Overall, we found that high adherence to a traditional MD diet, with moderate protein and high fiber intake, had a similar effect on BC for free-living postmenopausal overweight/obese women and fertile women. Several studies have demonstrated that women undergoing perimenopause lose lean body mass and more than double their FM, and that this trend continues until 2 years after menopause when the BC stabilizes [3,6,7,20]. This phenomena is influenced more by reduced energy expenditure rather than increased energy intake [21]. Our data confirm other work which showed that a higher adherence to a healthy dietary pattern (the Mediterranean diet) is inversely associated with overweight/obesity in perimenopausal and postmenopausal women [22].
A cross-sectional study by Rolland et al. showed a decline of 0.6% per year in muscle mass after menopause [23]. The same study showed that, for an increase of 0.1 g/kg of daily protein intake, the drop in muscle mass was reduced by 0.62 kg. Our data revealed that a protein intake similar to the nutritional guidelines (0.82 g/kg) was enough to lose FM and maintain muscle mass in menopause patients. On the other hand, a recent review has found that intake exceeding the Recommended Daily Allowance (RDA) may be preferential in preserving muscle mass and function in ageing adults [24]. For instance, among post-menopausal women of 60–90 years, those in the low protein group had higher body fat and fat-to-lean ratio than those who consumed a higher protein diet [25].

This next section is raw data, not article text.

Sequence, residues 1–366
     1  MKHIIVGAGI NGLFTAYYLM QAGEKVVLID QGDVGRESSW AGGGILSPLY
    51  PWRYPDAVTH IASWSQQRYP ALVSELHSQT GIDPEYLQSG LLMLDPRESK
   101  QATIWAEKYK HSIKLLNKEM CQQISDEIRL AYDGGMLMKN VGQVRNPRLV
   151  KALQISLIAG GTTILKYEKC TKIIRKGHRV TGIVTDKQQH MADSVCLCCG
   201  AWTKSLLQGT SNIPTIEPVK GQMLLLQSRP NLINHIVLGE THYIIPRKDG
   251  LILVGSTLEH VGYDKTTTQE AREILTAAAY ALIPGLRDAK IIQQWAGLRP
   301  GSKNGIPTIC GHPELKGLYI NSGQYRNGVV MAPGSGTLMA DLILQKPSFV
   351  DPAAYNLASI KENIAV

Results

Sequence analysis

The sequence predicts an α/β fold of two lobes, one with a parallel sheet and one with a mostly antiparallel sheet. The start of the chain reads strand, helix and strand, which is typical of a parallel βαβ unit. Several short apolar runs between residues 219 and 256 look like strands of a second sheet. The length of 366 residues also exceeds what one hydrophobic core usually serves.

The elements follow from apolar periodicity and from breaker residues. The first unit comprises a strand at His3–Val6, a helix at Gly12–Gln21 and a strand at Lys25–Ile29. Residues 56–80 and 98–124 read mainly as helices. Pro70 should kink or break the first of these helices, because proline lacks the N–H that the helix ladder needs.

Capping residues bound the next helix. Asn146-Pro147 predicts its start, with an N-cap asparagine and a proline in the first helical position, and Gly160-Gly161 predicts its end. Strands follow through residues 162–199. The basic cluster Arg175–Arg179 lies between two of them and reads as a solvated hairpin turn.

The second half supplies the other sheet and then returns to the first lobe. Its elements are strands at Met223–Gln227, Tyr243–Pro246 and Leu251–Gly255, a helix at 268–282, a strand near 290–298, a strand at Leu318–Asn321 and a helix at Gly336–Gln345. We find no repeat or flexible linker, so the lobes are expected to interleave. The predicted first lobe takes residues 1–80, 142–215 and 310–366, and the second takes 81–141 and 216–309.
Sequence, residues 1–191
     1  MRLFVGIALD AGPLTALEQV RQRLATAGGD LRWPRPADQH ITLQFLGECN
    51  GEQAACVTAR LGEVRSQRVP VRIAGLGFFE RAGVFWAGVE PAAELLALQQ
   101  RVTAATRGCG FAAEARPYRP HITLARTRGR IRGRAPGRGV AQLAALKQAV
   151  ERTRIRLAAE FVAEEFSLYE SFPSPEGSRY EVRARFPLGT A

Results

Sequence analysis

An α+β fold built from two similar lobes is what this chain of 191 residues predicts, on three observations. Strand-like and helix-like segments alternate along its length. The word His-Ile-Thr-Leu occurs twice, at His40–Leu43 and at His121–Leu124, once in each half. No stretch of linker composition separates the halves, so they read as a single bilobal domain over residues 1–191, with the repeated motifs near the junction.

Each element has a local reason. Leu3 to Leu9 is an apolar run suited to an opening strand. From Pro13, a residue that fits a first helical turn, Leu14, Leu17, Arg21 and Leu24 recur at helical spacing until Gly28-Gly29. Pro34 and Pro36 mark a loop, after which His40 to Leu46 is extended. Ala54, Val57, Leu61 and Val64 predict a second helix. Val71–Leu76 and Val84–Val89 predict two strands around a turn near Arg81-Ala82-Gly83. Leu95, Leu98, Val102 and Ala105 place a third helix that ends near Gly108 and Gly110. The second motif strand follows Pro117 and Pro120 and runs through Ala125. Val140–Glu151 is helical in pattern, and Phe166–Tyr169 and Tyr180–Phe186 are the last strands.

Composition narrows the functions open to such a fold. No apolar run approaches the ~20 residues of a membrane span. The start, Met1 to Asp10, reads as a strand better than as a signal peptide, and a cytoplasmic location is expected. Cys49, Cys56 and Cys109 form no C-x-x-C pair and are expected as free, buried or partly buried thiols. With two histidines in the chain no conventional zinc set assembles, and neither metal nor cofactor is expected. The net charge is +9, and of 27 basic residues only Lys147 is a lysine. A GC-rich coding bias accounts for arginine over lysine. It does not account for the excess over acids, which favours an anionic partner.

Surprisingly, we found a correlation between a higher plant to animal protein ratio and a lower reduction in lean mass, both in the whole sample (Figure 2) and in the menopausal women group (Figure 3). Plant-based protein sources have a lower leucine content than animal-based protein sources. Furthermore, plant-based protein sources are classically considered as “deficient in certain essential amino acids” for body needs [26]. A previous study showed that higher plant protein intake, particularly from non-cereal products, with a proportional decrease in animal protein intake did not affect body weight maintenance or cardiometabolic risk factors [27]. A high protein content of plant origin, such as the traditional MD, would add further benefits to patients’ health. Other papers support the beneficial effect of a MD, which is rich in legumes, fiber, and monounsaturated fat, for weight loss [28,29]. This advantage would add to the other positive effects of consuming this type of protein in menopause, such as decreasing bone loss and risk of hip fracture [30], improving insulin sensibility [31,32] and decreasing cardiovascular disease risk [33].
Our data confirm the importance of the MD in menopausal patients for the improvement of cardiovascular and metabolic risk factors. Patients in the menopausal group had even greater improvement in LDL and triglyceride parameters. After the menopause, lipid metabolic disorders are common, mainly due to hormonal changes. It has been demonstrated that a high, but not medium, adherence to the MD is associated with a cardioprotective effect in peri and menopausal women [34]. A stronger adherence to a MD was associated with a lower lipid peroxidation (LPO) among healthy women [35]. LPO is actively involved in the inflammatory responses in atherosclerosis by interacting with immune cells (such as macrophages) and endothelial cells [36].